It might be all just a coincidence, but a Chinese consumer protection group started investigating Apple’s iPhone just days after a state-run newspaper said that China would respond in a “tit-for-tat” manner to any of Trump’s actions that could affect trade between the two countries. Apple’s iPhone was even specifically mentioned as a potential collateral victim. On the other hand, if there are iPhone 6 and iPhone 6s users who are experiencing a strange issue, it should certainly be addressed.
According to The Wall Street Journal, there’s a problem affects both the iPhone 6 and iPhone 6s: some devices turn off spontaneously, and they won’t turn back on without being plugged into a computer first. This happens even when the battery indicator shows that there’s more than 50% battery left.
The China Consumers Association is looking into the matter. It’s interesting that the consumer advocacy group isn’t an official regulator, even if it’s state-approved.
The consumer group approached Apple about the issue, although there aren’t any more details available about the matter. It’s unclear what causes the unexpected shutdown, whether it can be fixed, or how many users have been affected in the region. Apple has not commented on the matter.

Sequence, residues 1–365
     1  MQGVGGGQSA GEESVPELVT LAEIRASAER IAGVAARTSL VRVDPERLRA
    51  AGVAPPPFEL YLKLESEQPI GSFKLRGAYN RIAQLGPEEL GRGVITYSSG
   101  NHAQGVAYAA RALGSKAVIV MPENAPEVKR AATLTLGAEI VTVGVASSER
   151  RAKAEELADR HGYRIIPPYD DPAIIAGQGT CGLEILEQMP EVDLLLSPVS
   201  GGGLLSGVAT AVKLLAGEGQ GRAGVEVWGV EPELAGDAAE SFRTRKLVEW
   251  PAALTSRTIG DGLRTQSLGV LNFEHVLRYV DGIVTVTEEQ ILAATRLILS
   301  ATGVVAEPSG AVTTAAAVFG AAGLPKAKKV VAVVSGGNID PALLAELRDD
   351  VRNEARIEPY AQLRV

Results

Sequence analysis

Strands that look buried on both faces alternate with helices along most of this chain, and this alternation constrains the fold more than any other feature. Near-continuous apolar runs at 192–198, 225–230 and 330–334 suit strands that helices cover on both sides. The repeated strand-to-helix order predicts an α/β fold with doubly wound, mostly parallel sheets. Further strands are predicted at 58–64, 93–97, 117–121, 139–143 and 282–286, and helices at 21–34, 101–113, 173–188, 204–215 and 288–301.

“In view that Apple iPhone 6 and iPhone 6s series cellphones in China have a considerable number of users, and the number of people who’ve reported this problem is rather many, China Consumer Association has already made a query with Apple,” the agency wrote on its website, according to Reuters.
The Journal notes that China sometimes uses state-run media and semiofficial sites to “signal permissible, and impermissible, behavior to foreign companies.” The connection with Trump’s election in the US appears to be evident. Trump has often criticized trade with China, vowing to address it as president.
Regardless of Trump’s involvement, this isn’t the first time China has taken action against Apple. Earlier this year, China shut down Apple’s online book and movie operations. In June, Apple was hit with an iPhone 6 and iPhone 6s sales injunction, though the company is appealing that decision.
The Journal also notes other iPhone-related troubles from the past. State-run China Central Television accused Apple of skirting iPhone warranties in 2013, and of tracking user locations in 2014.